Though I have done a lot of writing on the intersection between religion and men's issues, I thought I take this opportunity to offer the following summation of my concerns: Cultural conservatives and the religious establishment do not care about men. Granted, I am willing to acknowledge that there are notable exceptions to my thesis, but in large, I think it stands as an axiomatic observation. I say this from the perspective of one who is a men's rights activist and a Christian man. I submit for your consideration some propositions which are subordinate to my thesis. I do not intend to get into a detailed discussion about them, but I offer them as talking points for an ongoing discourse that I have been having for some time on this blog and elsewhere.
Cultural conservatives and the religious establishment do not care about men as evidenced by the following ...
1. They expect men to silently bear pain, suffering, shame, and humiliation at the hands of others in the name of "manhood" and "virtue."
2. They are largely silent on issues that men's rights activists address, such as lopsided divorce laws, paternity fraud, male-bashing in media, etc.
3. They assert that men are primarily, if not solely, at fault for the problems that arise between the sexes (either in interpersonal relationships or in general).
4. They generally don't hold women accountable for their actions against men.
5. They address issues which affect men only to extent that such issues might be of concern to women and others.
6. They treats a man's masculinity and humanity as a privilege that can be granted or withdrawn by others (viz., all the talk about what "real men" do).
7. They define manhood in terms of a man's usefulness to women and others.
8. They push antiquated stereotypes about what men should be like (e.g., having an extroverted personality type, being stoic, etc.).
9. They push the notion of men being "protectors" and "providers" without any meaningful discussion about whether or not these roles are always necessary or appropriate for men.
10. They typically demand a type of arrangement between the sexes where options accrue to women and responsibilities to men. This is especially the case where men are expected to embrace traditional roles while women are given more leeway in how they define themselves.
11. They present marriage and fatherhood as hallmarks of masculinity, adulthood, and spiritual growth to such an extent that men who don't embrace marriage or fatherhood are put in a bad light.
12. They have high expectations of men but give no meaningful guidance or or assistance so that men can meet those expectations (viz., the expectation that young men should have the ability to support a family, even in unfavorable economic and social conditions).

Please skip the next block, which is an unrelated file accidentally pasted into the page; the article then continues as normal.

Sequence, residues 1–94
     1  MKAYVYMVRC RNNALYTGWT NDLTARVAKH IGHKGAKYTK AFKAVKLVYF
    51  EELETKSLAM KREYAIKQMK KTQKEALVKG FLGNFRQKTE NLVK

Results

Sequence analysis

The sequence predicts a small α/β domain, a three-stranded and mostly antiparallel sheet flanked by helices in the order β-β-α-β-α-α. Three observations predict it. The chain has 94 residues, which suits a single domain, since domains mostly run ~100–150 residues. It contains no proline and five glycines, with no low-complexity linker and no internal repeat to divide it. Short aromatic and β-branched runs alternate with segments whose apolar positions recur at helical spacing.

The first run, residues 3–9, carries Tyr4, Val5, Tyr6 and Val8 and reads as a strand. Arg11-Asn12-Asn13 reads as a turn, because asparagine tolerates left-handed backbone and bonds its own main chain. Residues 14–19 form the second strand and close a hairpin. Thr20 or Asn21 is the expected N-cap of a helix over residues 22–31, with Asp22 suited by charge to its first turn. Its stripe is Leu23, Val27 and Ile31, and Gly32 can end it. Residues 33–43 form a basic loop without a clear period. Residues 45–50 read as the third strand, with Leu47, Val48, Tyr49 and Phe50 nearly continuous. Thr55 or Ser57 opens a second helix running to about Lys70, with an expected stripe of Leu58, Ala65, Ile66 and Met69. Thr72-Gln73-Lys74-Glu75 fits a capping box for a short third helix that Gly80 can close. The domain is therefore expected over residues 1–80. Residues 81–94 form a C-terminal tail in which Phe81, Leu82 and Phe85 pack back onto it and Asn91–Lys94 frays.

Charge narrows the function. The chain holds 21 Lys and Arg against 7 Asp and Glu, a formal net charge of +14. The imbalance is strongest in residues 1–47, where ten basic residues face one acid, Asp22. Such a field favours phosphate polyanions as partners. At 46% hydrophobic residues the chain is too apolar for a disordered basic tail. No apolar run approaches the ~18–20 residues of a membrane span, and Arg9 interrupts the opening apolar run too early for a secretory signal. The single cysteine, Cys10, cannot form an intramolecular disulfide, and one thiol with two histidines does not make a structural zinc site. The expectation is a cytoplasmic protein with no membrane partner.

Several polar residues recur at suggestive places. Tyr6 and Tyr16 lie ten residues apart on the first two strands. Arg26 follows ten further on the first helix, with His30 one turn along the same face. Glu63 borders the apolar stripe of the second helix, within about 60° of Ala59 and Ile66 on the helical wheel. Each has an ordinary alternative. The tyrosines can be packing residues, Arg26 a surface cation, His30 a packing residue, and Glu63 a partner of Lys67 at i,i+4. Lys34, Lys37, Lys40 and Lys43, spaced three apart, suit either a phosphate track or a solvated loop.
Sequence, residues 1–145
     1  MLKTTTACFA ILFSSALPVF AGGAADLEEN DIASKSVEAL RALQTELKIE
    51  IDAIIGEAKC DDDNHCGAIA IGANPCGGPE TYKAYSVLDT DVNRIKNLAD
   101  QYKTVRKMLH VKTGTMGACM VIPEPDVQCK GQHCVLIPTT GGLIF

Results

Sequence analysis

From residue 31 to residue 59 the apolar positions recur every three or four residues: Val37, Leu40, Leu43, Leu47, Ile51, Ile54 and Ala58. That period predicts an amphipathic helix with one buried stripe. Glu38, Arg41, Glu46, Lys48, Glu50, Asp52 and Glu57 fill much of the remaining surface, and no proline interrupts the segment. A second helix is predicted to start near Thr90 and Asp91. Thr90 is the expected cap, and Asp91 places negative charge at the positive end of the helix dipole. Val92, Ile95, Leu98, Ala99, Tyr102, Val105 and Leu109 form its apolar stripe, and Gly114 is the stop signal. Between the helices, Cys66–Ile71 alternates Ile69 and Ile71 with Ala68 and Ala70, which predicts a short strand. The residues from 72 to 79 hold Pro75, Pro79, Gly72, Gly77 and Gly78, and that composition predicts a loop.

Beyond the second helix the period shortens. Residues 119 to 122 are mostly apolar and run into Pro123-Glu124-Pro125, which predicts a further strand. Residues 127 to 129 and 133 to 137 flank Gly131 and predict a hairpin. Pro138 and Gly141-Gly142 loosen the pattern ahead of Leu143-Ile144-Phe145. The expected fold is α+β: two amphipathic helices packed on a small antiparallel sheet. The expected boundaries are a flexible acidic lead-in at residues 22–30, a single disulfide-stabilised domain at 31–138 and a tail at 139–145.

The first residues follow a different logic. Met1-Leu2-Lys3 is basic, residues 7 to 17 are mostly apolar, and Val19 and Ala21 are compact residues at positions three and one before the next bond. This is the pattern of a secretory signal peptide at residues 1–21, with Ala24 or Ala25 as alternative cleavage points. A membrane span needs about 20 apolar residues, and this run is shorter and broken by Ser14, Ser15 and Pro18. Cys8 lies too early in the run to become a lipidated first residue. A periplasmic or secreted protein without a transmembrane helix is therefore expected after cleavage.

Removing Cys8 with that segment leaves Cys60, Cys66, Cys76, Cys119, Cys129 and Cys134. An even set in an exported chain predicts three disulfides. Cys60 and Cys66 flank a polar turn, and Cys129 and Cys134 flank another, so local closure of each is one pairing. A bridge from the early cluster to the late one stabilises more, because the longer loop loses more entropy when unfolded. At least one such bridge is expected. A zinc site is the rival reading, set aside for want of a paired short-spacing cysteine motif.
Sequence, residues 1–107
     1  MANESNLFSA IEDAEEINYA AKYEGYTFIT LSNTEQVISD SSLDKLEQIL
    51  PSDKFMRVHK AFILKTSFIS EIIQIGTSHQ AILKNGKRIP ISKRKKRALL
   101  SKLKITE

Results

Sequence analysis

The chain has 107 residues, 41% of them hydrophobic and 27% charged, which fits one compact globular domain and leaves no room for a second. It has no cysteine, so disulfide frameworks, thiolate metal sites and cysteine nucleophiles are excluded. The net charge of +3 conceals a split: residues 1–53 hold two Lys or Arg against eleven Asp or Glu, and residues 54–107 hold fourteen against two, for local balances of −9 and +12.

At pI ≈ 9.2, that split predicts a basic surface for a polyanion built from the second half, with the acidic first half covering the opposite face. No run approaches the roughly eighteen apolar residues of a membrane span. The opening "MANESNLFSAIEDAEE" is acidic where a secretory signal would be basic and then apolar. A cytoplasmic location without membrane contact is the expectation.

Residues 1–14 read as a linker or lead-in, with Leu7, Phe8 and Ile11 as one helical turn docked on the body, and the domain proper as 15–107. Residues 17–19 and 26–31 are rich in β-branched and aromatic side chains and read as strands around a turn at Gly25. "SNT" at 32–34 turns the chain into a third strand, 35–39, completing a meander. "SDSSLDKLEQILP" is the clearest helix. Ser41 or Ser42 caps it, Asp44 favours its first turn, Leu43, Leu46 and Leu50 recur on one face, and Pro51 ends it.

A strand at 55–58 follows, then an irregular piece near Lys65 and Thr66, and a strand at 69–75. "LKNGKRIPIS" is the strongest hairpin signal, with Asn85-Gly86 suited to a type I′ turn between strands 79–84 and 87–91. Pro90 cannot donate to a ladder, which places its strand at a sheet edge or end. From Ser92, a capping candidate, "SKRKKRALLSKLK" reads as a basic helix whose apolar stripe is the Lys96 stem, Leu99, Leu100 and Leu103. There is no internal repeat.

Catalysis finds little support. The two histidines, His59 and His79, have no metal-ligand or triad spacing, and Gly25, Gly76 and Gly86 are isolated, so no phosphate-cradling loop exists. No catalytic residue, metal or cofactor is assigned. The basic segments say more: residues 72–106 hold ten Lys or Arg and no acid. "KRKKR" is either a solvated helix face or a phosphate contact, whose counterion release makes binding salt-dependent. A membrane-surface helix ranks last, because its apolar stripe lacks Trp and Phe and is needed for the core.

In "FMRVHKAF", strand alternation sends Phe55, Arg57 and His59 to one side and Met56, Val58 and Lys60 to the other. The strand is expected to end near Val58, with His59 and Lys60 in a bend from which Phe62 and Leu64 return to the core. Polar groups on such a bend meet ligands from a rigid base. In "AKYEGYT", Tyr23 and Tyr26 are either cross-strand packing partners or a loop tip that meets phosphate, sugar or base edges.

13. They imply that male sexuality is, at best, of secondary importance to female sexuality. At worst, they regard male sexuality as being generally suspect or disordered.
14. Whatever outreach they offer to men, they imply that men are in need of remediation (e.g., the proliferation of "accountability groups" but no real support groups).
15. They have no compassion for socially marginalized men such as single men, divorced men, economically disadvantaged men, men who are socially awkward, men with emotional problems, men caught up in sexual sin, etc.
If you want an apt illustration of the disconnect between cultural conservatives and the welfare of men, consider the following on-air exchange between Bill O'Reilly and Mark Rudov ...
Bill O'Reilly's dismissive attitude is par for the course among cultural conservatives. Mark Rudov raises a valid issue about why women should be treated as "equals" if they need to be mollycoddled. O'Reilly never addresses that issue, and neither do a lot of other right-wing pundits who claim to be "against feminism."
Religious pundits are just as cavalier towards men's concerns. Why would they be otherwise? They cater to women and powerful men. Their paycheck does not depend on the men they excoriate, belittle, and demean. Or if it does, then these pundits escape accountability because the men they vilify are mentally arrested by fear, insecurity, a restrictive social upbringing, or just plain ignorance. All in all, from Phariseeism to Jim Crow to man-bashing, the religious establishment has dropped the ball on being merciful and just to those who are lower down on the social totem pole.
When you see a religious figure engaging in any of the behaviors I described, then you know what kind of specimen your dealing with. Jesus said you can know a tree by its fruit (Matthew 12:23). Some religious pundits just need to be marked and avoided (Romans 16:17). True, Christian men have an obligation to be a part of a visible faith community whenever possible (Hebrews 10:25), but they have no obligation to hold up the hands of those who fail to be compassionate to men. The Bible speaks of "shepherds" who are no shepherds but are, in fact, oppressors (Ezekiel 34). When these "shepherds" fail the flock, it's time to look to the One, True Shepherd for the healing our souls--Jesus Christ (Hebrews 13:20). If need be, leave your faith community if it does not respect men.
When cultural conservatives and the religious establishment start talking about men, and when they claim to be "concerned" about men, take their claims with a grain of salt. It may be a ruse and a sham. Cultural conservatives and the religious establishment are "concerned" about men as a commodity. Men's right activists, on the other hand, are concerned about men as people. Think on these things.
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